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The world is…interesting right now, to say the least. And there’s a fairly good chance that you’re suddenly stuck inside your house right now, or at least hesitant to go out. Not to worry: You can stay in and watch some Blu-rays. You don’t even have to leave the house to get them – order them online and have them show up on your doorstep. And if you need some help regarding what to pick up, these are the new Blu-ray releases you should check out this week.Uncut Gems
It’s the movie everyone can’t stop talking about – the movie that many thought would ensure Adam “The Sandman” Sandler an Oscar nomination. It’s Uncut Gems, the Safdie Brothers‘ anxiety-inducing saga of gambling addict Howard Ratner Sandler, a jeweler who thinks he has a sure thing in the form of a rare black opal. But nothing goes according to Howard’s plans – he ends up handing the opal off to Kevin Garnett playing himself, and then his life proceeds to spiral completely out of control. His gambling debts put him in potential danger, and to make matters worse, every time he has a chance to climb out of the hole, his poor decisions put him right back in there. It’s perhaps a reflection of our troubled, turbulent times that so many people took to this movie, which is 135 minutes of screaming, tension, and jaw-dropping horror it’s pretty funny, too. While I didn’t love Uncut Gems as much as some I prefer the Safdie’s previous film, Good Time, I can’t deny the skill at work here. And Sandler is just as good as everyone says. Hell, he’s better.
Why It’s Worth Owning on Blu-ray:
I sure wish this release came with more special features – there’s only one, a making-of. A commentary would’ve been ideal – especially if they had managed to talk Sandler into doing it. Alas, it was not to be. But Uncut Gems is worth picking up anyway. But be sure to hold onto it tight – and whatever you do, don’t lend it to Kevin Garnett.
Special Features Include:“Money on the Street: The Making of Uncut Gems” Featurette Charlie’s Angels
Charlie’s Angels, the latest attempt to reboot the TV series of the same name, has a lot going for it. The leads – Kristen Stewart, Naomi Scott, and Ella Balinska – are incredibly likable, and they all have a fun, easy-going chemistry with one another. There’s also a handful of funny moments – mostly from Kristen Stewart, who shows a real knack for comedy here. But the film ultimately suffers from a rather blah script, and some uninspired direction. Elizabeth Banks directs, as well as co-stars. And while I think Banks is a genuinely good performer, she’s yet to hit her stride and find her voice when...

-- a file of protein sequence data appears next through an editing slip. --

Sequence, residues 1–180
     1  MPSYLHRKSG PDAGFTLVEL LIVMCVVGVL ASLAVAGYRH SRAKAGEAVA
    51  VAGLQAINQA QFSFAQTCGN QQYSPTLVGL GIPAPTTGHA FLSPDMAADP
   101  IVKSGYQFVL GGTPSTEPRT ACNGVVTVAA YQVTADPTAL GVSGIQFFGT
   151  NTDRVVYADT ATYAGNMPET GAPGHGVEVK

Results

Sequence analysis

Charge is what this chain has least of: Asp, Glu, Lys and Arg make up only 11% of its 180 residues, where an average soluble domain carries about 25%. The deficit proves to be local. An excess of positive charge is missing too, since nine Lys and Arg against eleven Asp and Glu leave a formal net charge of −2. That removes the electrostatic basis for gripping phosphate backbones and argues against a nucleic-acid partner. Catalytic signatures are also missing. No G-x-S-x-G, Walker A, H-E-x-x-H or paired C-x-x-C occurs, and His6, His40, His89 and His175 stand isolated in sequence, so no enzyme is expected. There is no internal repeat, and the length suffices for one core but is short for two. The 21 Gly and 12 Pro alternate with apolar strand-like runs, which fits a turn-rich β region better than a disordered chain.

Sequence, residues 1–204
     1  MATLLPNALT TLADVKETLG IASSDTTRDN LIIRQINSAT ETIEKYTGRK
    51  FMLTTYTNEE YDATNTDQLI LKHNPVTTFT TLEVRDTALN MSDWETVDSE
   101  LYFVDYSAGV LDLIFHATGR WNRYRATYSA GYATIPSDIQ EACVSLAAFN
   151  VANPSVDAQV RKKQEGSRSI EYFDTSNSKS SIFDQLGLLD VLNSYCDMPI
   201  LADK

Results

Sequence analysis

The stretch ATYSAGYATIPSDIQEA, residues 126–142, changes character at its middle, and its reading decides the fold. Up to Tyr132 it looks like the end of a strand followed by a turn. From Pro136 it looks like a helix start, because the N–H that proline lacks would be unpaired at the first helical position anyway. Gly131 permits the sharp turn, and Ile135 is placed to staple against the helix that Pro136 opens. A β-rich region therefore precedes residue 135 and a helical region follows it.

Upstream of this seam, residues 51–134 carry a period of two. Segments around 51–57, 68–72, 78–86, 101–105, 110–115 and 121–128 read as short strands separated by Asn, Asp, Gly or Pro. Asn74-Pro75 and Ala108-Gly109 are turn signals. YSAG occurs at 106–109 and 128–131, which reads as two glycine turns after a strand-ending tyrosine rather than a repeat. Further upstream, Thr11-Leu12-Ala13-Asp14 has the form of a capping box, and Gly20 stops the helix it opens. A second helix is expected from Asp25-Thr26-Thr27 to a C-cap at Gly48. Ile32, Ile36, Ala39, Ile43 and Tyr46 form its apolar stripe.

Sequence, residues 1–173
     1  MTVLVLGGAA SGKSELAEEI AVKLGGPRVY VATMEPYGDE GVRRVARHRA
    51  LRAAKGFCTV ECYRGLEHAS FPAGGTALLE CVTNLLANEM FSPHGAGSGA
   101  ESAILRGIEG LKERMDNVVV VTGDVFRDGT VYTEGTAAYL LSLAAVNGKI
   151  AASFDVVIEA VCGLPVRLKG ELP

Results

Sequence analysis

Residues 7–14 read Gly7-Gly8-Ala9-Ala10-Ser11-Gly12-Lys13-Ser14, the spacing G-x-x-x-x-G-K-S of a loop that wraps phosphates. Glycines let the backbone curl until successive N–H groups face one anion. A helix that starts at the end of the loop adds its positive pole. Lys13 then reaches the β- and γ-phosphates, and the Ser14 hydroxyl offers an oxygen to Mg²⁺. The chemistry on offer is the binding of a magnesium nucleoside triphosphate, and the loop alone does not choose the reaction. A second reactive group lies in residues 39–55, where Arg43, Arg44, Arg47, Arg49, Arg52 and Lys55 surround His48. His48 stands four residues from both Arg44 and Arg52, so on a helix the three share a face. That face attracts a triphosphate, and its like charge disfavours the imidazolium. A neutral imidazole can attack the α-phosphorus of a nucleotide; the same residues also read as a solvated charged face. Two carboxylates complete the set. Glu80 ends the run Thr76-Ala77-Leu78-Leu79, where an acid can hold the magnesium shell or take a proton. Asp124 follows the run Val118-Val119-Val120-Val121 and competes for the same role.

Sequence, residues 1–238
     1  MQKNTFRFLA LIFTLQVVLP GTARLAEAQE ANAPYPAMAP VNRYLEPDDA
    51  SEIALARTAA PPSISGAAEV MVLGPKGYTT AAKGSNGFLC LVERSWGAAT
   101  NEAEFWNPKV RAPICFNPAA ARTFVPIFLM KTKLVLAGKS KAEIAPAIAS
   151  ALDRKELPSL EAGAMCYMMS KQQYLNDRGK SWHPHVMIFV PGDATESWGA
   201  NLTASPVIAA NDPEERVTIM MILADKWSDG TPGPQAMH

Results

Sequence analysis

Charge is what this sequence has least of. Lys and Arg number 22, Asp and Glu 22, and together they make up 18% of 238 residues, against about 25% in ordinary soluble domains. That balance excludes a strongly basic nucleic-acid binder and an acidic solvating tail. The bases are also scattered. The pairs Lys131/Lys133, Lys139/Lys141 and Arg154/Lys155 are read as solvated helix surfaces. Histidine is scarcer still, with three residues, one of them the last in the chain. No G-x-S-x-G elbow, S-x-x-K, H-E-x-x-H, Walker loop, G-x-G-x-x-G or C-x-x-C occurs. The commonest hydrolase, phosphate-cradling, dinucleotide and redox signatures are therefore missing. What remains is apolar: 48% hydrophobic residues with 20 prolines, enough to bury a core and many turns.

Week three of no theatrical releases. That will technically change soon — Universal’s premium VOD-opening “Trolls World Tour” has a handful of still-open drive-ins to play don’t expect any grosses reported. But it was a week full of important stories, with particular interest in a series of release date adjustments. However, no date can be realized if theaters aren’t open, and nobody knows when that will be.
• Exhibitor trade organization NATO held a webinar Friday. President John Fifthian raised hope that some theaters might be open by late May or early June. AMC Entertainment CEO Adam Aron, who oversees the most screens in North America reiterated his hopes for mid-June.
• With the COVID-19 still in its early stages of national spread, uncertainty about the curve flattening, and signs that in China, which had the earliest outbreaks three months ago, that viral decline doesn’t equal viral defeat, the reality is it could be weeks before anyone can make a reasonable assessment on reopening.
• Countering industry optimism that after weeks indoors, people will flock to theaters is a survey by Performance Research about public attitudes on return to public events. It saw 49 percent of respondents saying feeling safe about returning to theaters ranged from in a few months to never, with 28 percent saying if they do return, it will be less often. That said: This is a snapshot taken nearly two weeks ago, and shouldn’t be considered predictive. It showed similar or worse results for sporting events, concerts, and theme parks.
• Sports league executives spoke with President Trump, who urged resumption as soon as possible. However, Dr. Alan Sills, chief medical officer for the NFL, cautioned it is premature to believe that football can return this fall. Governors in some states that aren’t fully shut down, like Nebraska, encouraged voluntary compliance — with the threat that if the virus isn’t contained, their ardent fans might not have a season. Sports, of course, demand close player and spectator contact, and are more vulnerable even than theaters to the ongoing threat of contagion. But the idea that it is conceivable the country could have a year with no more sports is even more shocking than disruption to theaters.
• The key takeaway from multiple studio release schedule changes is, in re-dating titles, they don’t expect theaters to be fully operational until July at the earliest. Though key June and July titles like Pixar’s “Soul” and Christopher Nolan’s “Tenet” remain in those months, “Mulan” on July 24 is the earliest rescheduled date for any major title. Other date changes act as a diversion while theaters are closed, but the reality is everything is written in pencil, not pen.